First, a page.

Editor’s note • This story discusses suicide. If you or people you know are at risk of self-harm, the National Suicide Prevention Lifeline provides 24-hour support at 1-800-273-8255.
In the past five years, Utah has lost roughly 3,200 residents to suicide, Rep. Steve Eliason said Monday, a number equivalent to the combined populations of Daggett and Piute counties.
And in just the past year, the Sandy Republican said, the loss of life to suicide in the state exceeded the population of Huntsville.
“However,” Eliason said, “there is hope on the horizon.”
Utah’s suicide rates have leveled off, which Eliason described as an important and natural progression ahead of, potentially, decreasing the frequency of suicide, which is the leading cause of death for the state’s youths.
And to aid in that effort, the state will soon launch a three-year, $2 million campaign aimed at combating stigmas surrounding mental and behavioral health and encouraging Utahns to seek out and secure the help they need.
“I predict that we will rise to the occasion,” Eliason said.
The Utah lawmaker was joined by Lt. Gov. Spencer Cox and representatives of the state’s largest medical providers and its predominant faith, The Church of Jesus Christ of Latter-day Saints, during a Monday announcement for the campaign, which will rely on public and private funding and will function similar to the state’s “Parents Empowered” campaign against underage drinking.
The Legislature appropriated $1 million as a match for private donations, which will be combined with $24,000 from individual Utah taxpayers — who elected to make a contribution on their most recent tax returns — and donations from doTERRA co-founders Greg and Julie Cook, Intermountain Healthcare, University of Utah Health, Rocky Mountain Power, the LDS Church and the Utah Shooting Sports Council.
“Our hearts ache at the loss of every life, and for the families and individuals that are impacted by these deaths,” Julie Cook said. “We have consoled our own children as they have lost friends, classmates and teachers to suicide.”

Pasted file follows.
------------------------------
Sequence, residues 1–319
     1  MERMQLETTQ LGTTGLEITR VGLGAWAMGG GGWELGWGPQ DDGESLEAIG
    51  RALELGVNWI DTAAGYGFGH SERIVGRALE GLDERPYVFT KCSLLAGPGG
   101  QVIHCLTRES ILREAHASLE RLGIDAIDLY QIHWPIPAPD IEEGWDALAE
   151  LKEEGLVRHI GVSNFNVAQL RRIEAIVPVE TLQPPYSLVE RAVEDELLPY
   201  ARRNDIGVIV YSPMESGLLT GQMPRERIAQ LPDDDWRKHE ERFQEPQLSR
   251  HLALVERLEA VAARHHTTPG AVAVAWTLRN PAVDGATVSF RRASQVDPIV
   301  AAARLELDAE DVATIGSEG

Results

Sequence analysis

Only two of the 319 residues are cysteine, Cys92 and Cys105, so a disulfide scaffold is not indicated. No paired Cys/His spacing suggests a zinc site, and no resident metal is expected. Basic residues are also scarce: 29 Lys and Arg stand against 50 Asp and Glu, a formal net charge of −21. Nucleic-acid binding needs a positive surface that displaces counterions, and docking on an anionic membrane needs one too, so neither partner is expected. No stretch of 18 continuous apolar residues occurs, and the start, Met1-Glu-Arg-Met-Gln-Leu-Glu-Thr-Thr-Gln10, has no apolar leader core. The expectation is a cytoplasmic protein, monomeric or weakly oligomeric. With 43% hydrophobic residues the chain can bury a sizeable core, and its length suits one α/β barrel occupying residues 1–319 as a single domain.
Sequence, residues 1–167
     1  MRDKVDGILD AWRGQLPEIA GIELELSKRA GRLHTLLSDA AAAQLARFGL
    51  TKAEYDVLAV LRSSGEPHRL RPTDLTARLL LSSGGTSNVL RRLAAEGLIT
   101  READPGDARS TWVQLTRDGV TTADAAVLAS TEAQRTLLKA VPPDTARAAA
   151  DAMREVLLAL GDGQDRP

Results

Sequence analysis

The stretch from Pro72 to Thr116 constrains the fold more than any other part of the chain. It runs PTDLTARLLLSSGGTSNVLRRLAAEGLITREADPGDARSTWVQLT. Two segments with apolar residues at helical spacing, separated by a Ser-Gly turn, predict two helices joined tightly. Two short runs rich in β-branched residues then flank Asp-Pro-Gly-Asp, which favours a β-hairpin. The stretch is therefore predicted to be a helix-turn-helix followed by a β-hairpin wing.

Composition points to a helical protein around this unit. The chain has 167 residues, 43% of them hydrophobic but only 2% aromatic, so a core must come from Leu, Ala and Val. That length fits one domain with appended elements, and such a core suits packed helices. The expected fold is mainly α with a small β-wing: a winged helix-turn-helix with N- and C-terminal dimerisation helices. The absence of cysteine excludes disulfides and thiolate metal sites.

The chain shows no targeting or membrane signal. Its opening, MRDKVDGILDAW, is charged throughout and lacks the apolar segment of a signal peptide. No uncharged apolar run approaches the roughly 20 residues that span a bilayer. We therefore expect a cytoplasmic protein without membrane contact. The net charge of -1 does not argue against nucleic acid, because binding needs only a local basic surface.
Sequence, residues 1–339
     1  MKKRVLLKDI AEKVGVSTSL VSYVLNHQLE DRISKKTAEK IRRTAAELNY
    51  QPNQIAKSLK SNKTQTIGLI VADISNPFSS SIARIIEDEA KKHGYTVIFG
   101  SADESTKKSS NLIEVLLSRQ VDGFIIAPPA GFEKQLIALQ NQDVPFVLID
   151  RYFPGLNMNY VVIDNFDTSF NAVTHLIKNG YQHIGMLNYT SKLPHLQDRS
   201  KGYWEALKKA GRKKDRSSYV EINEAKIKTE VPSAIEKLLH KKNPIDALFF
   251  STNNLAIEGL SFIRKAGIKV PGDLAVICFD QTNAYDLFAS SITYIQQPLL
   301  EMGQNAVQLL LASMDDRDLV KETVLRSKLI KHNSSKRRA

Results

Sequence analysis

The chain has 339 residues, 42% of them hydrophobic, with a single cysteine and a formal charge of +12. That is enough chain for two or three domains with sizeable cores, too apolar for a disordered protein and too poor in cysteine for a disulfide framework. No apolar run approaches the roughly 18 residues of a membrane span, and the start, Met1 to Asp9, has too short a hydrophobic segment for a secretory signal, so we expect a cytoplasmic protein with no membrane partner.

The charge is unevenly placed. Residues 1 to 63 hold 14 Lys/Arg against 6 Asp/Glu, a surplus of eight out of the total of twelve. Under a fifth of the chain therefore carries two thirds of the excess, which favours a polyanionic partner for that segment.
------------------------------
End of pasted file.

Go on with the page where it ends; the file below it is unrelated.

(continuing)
Craig Christensen, a Latter-day Saint general authority, said there are many places people can turn to for help. But, he said, everyone can and must do a better job of watching out for warning signs among their neighbors and friends and helping to save lives by connecting individuals with health professionals.
“We need to encourage them they’re not alone,” Christensen said, “and they’re never alone.”
The state is in the process of selecting a vendor to produce and implement the suicide prevention campaign. Cox said there will be more details provided about the focus of the campaign when it formally launches “in the months to come.”
He suggested the campaign will include elements in print, television, radio, social media and other platforms.
“We’re better off when we’re having these conversations,” Cox said, “especially with our young people.”
Cox also said the state is committed to closing gaps in mental and behavioral health resources in the state, and he credited Eliason and other lawmakers for their ongoing work in public health.
“Every single death by suicide is preventable,” Cox said. "All of these deaths of despair are preventable, but it’s going to take all of us working together.”